ROC curve for ordinal regression goodness-of-fit

#1
Hello everyone,

I have a problem with the graphical output of a ROC curve I am calculating.
I am sure it is very silly but I cannot figure out where I am going wrong.

I estimate the probability of damage (damage levels 1 to 5) to a number of buildings given one continuous explanatory variable taking n values (Xi), using ordinal regression - prop odds.

I will call my cumulative fitted probabilities: cyfit, and my actual cumulative probabilities: pDS.

Using Matlab, I want to assess the goodness-of-fit of my model by plotting the ROC curves (one per damage level),

I calculate the number of true positives TP as follows:
TP=pDS (if cyfit-pDS > = 0);
otherwise TP=cyfit

similarly, for false positives FP
FP=cyfit -pDS (if cyfit-pDS > = 0);
otherwise FP=0

Then I sum FP and TP over number of values of X by doing
TotFP=sum(FP) : i=1 to n,
TotTP=sum(TP) : i=1 to n,

Then calculate rate
RateFP=FP / TotFP
RateTP=TP / TotTP

Finally I calculate the cumulative rates
cumulFP(i)=cumulFP(i-1)+RateFP(i)
cumulTP(i)=cumulTP(i-1)+RateTP(i)

So this is where I have an issue, I plot cumulFP on the x-axis and cumulTP on the y-axis and end up with ROC curves way below the random guess line, basically telling me that my fir is really bad,
when really when I look at my fitted model my curves seem to give a relatively decent fit...

(see attached files)

I have loads of data and I have this problem with every single case, so I think there must be some issue with my approach in plotting the ROC curve.

If anyone has an idea of where I am going wrong, please let me know...

Thanks!
 

hlsmith

Less is more. Stay pure. Stay poor.
#2
For each individual curve what were you exactly comparing? Were you using the full dataset or how were you breaking it up in the individual curves.
 
#3
Originally my dataset gives me the counts of buildings per damage level, from 0 (no damage) to 5 (collapsed), according to an explanatory variable (flow depth). so basically for each value of "flow depth" I know how many buildings are at level 0, 1, 2 etc.
I calculate an actual probability of damage from this, pDS.

After doing the OR I am breaking up the dataset by damage level to plot the ROC curves, and I want to know how well the model predicts the buildings being at level x. In other words, my actual positives correspond to the actual probability (or counts) of buildings being at level x, which I compare to the estimated positives given by the model (again for each individual curves)

I worked with probabilities directly, not with counts of buildings, so in my code my TP corresponds to the probabilities correctly estimated by the model and my FP corresponds to the estimated probabilities of being at damage level x when the buildings are not actually at damage level x.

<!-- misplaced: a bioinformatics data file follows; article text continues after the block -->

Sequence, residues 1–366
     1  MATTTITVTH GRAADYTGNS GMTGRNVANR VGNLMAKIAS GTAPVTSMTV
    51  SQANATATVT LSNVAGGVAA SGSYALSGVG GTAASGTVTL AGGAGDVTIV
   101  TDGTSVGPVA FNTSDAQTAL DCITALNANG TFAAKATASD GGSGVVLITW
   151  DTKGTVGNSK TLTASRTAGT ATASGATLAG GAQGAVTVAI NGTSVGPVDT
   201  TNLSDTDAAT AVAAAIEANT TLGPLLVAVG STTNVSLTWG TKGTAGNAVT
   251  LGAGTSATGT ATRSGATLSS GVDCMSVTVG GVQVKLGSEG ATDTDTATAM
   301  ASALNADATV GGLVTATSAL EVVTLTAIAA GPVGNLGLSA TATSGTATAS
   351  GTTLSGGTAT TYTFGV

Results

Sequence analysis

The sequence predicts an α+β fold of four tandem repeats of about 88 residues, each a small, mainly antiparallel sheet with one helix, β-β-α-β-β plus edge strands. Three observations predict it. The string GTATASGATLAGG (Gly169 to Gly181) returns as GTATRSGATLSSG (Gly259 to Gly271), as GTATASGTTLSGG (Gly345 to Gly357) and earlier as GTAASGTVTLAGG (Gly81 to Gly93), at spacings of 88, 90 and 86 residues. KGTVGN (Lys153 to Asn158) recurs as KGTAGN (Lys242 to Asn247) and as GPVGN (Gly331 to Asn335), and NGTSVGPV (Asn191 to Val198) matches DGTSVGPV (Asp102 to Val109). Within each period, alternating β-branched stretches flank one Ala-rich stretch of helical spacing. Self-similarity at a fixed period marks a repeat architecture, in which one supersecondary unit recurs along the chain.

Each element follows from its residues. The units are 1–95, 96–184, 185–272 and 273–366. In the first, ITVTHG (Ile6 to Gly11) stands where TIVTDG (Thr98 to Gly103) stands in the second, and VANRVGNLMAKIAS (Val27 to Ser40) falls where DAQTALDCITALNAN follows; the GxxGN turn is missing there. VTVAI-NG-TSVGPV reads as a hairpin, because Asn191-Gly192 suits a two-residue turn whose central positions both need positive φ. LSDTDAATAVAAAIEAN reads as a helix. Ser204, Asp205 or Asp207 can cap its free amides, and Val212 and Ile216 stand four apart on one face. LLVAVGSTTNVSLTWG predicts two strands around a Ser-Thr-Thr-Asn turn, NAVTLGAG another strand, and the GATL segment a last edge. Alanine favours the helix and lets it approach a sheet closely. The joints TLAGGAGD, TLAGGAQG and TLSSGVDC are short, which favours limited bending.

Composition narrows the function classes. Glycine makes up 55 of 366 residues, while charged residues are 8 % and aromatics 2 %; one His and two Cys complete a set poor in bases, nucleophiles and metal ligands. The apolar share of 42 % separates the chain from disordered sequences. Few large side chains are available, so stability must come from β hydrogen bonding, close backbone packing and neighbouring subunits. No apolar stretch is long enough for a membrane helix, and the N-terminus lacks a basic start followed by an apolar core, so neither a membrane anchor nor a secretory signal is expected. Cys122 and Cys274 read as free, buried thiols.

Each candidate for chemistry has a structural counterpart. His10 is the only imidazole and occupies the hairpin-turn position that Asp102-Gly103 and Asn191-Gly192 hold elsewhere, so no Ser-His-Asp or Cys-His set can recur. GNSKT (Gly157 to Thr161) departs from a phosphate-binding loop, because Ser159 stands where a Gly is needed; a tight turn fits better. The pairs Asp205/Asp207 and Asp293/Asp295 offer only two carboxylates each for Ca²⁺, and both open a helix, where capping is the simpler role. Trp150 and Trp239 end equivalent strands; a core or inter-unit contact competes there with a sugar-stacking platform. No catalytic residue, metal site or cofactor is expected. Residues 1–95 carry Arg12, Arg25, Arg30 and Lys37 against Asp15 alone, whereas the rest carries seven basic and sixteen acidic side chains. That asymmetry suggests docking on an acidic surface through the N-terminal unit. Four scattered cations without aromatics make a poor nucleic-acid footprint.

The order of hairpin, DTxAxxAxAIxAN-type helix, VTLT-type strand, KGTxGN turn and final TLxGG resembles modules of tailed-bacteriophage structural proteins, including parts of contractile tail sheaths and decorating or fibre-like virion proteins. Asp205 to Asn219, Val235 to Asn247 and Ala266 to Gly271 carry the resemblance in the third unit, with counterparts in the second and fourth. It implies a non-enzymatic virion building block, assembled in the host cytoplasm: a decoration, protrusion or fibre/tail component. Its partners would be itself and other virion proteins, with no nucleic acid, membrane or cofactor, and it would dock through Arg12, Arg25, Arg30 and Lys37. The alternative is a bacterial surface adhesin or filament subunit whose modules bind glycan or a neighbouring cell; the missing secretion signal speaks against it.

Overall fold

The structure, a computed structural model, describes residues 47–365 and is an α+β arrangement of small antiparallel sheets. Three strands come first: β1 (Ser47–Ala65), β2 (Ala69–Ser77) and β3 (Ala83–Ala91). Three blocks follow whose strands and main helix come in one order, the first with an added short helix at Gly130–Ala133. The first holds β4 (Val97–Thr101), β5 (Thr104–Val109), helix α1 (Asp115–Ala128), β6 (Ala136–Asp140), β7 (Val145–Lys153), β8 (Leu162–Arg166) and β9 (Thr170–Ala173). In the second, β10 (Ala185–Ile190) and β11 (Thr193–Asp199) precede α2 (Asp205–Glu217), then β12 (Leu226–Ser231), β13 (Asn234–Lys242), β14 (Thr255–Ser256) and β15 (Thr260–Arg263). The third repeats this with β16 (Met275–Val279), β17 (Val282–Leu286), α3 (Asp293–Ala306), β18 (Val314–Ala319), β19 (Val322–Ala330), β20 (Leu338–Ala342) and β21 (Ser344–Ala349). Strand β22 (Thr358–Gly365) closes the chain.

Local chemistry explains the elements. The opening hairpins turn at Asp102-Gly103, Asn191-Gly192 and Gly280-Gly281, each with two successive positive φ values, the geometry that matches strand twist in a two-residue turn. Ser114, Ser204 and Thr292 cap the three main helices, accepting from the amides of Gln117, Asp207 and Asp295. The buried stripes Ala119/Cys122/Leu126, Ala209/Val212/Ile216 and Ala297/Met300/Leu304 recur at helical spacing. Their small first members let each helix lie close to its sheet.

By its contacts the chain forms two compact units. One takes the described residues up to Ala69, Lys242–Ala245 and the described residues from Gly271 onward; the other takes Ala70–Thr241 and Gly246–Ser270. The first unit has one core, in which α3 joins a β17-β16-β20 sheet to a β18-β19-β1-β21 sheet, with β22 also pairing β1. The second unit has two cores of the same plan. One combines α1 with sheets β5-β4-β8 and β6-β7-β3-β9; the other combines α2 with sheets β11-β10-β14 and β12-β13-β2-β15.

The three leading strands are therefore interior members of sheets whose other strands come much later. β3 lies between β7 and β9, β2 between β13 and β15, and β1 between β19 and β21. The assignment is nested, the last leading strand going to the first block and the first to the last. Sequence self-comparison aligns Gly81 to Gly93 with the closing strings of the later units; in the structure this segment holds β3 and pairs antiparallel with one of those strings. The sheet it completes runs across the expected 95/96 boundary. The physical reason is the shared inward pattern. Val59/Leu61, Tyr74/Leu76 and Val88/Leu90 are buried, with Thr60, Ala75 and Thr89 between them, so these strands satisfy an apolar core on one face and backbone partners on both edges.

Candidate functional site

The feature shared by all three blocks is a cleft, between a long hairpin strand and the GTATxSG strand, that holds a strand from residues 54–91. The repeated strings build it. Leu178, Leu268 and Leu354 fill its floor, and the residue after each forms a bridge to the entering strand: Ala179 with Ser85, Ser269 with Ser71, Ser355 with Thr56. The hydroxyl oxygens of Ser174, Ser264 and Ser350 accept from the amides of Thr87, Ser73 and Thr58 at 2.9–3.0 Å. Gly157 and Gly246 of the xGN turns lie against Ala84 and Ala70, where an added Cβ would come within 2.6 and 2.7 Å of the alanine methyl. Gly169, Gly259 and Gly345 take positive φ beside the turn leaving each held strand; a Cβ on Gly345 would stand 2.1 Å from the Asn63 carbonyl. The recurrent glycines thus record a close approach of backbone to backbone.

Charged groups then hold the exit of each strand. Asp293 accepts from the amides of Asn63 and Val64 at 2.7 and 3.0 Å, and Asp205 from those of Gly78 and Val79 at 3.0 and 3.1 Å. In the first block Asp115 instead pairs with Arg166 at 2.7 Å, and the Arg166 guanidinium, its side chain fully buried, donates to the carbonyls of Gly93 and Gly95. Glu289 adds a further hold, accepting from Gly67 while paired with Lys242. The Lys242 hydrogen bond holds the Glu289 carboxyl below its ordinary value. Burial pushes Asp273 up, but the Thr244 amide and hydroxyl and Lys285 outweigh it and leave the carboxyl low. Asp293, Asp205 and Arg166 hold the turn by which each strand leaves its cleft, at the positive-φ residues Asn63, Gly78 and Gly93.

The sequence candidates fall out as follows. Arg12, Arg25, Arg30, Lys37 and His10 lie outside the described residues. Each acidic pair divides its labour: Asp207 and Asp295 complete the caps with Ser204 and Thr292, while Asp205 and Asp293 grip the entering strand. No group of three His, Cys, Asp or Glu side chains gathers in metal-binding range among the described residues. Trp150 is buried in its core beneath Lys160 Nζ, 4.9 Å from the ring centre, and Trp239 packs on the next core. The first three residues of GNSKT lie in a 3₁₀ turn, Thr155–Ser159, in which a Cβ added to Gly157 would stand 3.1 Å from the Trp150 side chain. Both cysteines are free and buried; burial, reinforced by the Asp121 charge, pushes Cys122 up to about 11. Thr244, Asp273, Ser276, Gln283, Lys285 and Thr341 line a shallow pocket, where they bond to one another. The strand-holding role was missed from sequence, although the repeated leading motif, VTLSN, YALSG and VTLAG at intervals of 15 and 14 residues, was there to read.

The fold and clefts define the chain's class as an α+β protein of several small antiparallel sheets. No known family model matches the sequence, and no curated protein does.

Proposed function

Maybe I should work with counts?
 

hlsmith

Less is more. Stay pure. Stay poor.
#4
What are you basing this approach on? Have you seen this methodology used any where else, if so can you provide the reference.

If I follow, which I am a little dubious about that, you are comparing probabilities from odds based on categorical version of damage based against a continuous version of damage. But the probabilities come from the categorical versus continuous variables originally, now you are comparing them again? This seems pretty mottled, regardless. You have to be able to have us understand the approach and reasoning in order for other consumers or subsequent readers to grasp this construction. Have you made any progress since last post?
 
#5
After considering what you wrote in your comment I realized my method did not make too much sense - sorry I am new to this topic and trying to understand on the job, so I decided to work with one damage state at a time and counts of buildings.
I have counts of buildings for each value of a continuous variable Xi.

I am still stuck, but this time my problem is the rate calculation. So I ll keep things as simple as they can be:

Say, I want to know how many buildings are at level 5 according to a range of values of my continuous predictor going from say 0 to 20. I fit a model, so I end up with a binary outcome: predicted counts of buildings being at level 5, or not.

From there I can actually compare with the actual counts of buildings, being at level 5, or not.

So if predicted nb of buildings at level 5 (Pred5) > actual number of buildings at level 5 (Act5);
TP=Act5; FP=Pred5-Act5
otherwise
TP=Pred5; FP=0

Similarly, if predicted nb of buildings NOT being at level 5 (NPred5) > actual nb of buildings NOT being at level 5 (NAct5)
TN=NAct5; FN=NPred5-NAct5
otherwise
TN=NPred5; FN=0

Positives=TP+FN (one value per Xi, so I have got n values for "Positives")
Negatives=TN+FP (one value per Xi, so I have got n values for "Negatives")

The false positive rate FPR(i) for each Xi is: FP(i) / Negatives(i)
The true positive rate TPR(i) for each Xi is: TP(i) / Positives(i)

Now, if I am right the ROC curve is a cumulative probability of TPR vs FPR but if I calculate cumulative rates as X increases i.e. CFPR(i) = CFPR(i-1) + FPR(i),
and same thing for CTPR(i), I end up with:

1/ values higher than 1 so again this doesnt make sense in the probability domain,
2/ loads of "no values" (NaN) particularly in my FPR because I have many FP=0 (so cannot be divided by "Negatives")

I think I misunderstand the nature of the cumulative function of TPR vs FPR? Any additional insight would be very useful....

Thank you
 
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